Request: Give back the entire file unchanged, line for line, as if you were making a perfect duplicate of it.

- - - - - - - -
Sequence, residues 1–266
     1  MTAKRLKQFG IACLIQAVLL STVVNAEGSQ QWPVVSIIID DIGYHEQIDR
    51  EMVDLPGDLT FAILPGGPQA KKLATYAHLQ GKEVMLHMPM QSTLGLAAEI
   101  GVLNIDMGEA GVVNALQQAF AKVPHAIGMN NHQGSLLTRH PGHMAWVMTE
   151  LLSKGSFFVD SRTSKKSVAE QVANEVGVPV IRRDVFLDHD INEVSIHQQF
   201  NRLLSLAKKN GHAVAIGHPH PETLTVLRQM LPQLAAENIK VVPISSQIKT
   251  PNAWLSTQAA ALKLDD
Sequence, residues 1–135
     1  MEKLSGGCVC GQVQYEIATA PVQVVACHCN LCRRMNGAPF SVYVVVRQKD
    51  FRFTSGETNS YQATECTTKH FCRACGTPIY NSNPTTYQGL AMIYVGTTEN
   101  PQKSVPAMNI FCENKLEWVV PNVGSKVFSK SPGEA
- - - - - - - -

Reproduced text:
Sequence, residues 1–266
     1  MTAKRLKQFG IACLIQAVLL STVVNAEGSQ QWPVVSIIID DIGYHEQIDR
    51  EMVDLPGDLT FAILPGGPQA KKLATYAHLQ GKEVMLHMPM QSTLGLAAEI
   101  GVLNIDMGEA GVVNALQQAF AKVPHAIGMN NHQGSLLTRH PGHMAWVMTE
   151  LLSKGSFFVD SRTSKKSVAE QVANEVGVPV IRRDVFLDHD INEVSIHQQF
   201  NRLLSLAKKN GHAVAIGHPH PETLTVLRQM LPQLAAENIK VVPISSQIKT
   251  PNAWLSTQAA ALKLDD
Sequence, residues 1–135
     1  MEKLSGGCVC GQVQYEIATA PVQVVACHCN LCRRMNGAPF SVYVVVRQKD
    51  FRFTSGETNS YQATECTTKH FCRACGTPIY NSNPTTYQGL AMIYVGTTEN
   101  PQKSVPAMNI FCENKLEWVV PNVGSKVFSK SPGEA